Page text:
When for any reason one or more vertebral segments are embarrassed by ab- normal motor action, added articular and proprioceptive responsibility is imposed upon the segments above and below the involved area. Thus there is an extension of harmful effects that may have noticeable complications. In addi- tion, the phenomenon of bipedism neurologically necessitated the development of an ascending and descending reticular activating mechanism. It can be assumed that spinal and pelvic interosseous disrelation may overstimulate the ascending portion of the reticular activating mechanism. On the other hand, excessive attention stress may, by means of the descending portion, provoke overstimula- tion of the cellular elements in the anterior and lateral horns and provoke abnormal somatic and autonomic reactions.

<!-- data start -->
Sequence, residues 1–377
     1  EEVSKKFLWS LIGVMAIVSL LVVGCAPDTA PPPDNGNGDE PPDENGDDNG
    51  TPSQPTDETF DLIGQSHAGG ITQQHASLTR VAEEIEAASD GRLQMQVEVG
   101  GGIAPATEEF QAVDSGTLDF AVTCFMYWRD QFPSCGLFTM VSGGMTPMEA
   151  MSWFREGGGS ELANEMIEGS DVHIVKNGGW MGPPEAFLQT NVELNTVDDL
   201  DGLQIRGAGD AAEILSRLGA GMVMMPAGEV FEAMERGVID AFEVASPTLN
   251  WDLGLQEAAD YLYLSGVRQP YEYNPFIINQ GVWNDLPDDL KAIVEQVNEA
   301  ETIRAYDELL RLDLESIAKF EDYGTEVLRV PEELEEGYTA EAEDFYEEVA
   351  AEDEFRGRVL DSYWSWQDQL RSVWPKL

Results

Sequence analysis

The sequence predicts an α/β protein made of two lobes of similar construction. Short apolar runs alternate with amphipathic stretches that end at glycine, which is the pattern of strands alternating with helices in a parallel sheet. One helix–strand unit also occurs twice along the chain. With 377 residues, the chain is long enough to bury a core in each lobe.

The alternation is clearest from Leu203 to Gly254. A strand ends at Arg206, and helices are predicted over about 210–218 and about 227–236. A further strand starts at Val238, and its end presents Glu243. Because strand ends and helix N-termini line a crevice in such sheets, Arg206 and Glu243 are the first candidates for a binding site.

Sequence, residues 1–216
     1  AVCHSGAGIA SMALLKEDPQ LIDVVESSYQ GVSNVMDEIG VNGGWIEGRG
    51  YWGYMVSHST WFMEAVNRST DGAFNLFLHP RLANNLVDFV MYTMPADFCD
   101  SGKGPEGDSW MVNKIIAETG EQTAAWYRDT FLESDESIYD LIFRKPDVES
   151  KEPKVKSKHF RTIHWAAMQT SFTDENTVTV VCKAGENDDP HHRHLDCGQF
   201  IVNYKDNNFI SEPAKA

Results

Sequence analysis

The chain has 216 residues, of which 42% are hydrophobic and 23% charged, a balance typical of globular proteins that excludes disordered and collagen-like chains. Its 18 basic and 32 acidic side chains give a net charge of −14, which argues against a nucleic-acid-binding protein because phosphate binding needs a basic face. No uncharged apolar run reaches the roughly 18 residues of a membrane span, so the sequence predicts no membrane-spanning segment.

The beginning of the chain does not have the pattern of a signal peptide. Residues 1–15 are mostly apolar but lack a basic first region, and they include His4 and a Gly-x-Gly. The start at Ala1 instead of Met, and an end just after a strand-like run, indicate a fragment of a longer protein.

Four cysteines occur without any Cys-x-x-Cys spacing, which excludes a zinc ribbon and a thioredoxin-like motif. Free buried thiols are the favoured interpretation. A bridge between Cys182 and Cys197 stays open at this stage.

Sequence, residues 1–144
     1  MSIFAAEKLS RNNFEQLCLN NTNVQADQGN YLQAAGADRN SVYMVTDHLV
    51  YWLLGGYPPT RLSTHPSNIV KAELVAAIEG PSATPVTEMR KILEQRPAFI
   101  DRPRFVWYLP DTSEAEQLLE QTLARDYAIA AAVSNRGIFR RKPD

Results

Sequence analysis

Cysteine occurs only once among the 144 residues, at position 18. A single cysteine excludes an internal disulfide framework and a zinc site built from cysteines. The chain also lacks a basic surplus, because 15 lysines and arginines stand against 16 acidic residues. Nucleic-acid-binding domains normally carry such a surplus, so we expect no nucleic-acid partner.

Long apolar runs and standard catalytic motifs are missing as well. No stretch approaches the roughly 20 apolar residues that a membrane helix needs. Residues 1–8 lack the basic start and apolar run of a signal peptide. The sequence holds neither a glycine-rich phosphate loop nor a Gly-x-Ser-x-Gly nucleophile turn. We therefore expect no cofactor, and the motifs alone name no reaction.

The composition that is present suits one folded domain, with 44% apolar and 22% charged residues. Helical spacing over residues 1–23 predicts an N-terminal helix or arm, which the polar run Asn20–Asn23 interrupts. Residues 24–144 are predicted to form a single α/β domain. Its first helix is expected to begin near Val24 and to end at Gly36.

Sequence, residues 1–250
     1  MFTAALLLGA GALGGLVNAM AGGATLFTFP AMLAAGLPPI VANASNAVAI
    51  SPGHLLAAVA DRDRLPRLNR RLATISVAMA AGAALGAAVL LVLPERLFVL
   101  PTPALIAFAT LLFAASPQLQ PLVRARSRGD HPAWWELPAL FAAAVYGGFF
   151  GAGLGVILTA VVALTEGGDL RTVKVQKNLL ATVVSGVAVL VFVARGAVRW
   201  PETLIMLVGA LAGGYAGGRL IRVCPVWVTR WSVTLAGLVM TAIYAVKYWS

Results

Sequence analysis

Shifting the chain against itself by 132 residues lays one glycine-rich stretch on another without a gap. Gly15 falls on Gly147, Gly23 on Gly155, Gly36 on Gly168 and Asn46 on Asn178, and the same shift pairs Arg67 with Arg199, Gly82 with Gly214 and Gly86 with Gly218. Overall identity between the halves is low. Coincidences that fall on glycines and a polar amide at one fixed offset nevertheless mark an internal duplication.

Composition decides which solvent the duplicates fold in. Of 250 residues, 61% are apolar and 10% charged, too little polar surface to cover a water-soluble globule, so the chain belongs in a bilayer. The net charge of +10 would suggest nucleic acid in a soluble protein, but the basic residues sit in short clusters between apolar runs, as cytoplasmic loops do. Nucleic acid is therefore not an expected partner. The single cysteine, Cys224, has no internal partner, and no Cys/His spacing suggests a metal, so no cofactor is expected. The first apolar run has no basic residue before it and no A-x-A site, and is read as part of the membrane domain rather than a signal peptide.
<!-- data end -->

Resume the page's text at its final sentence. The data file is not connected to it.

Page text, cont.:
Paraforaminal Adhesions.   Paraforaminal adhesions as the result of stress and traumatic edema often result in a painful restriction of the normal back-and- forth glide (1/4–1/3 inch) of the nerve root within the IVF. Symptoms simulate a low-grade radiculitis: increased pain on movement, straining, and stretching; pain on changing positions and when placing the involved part in extension.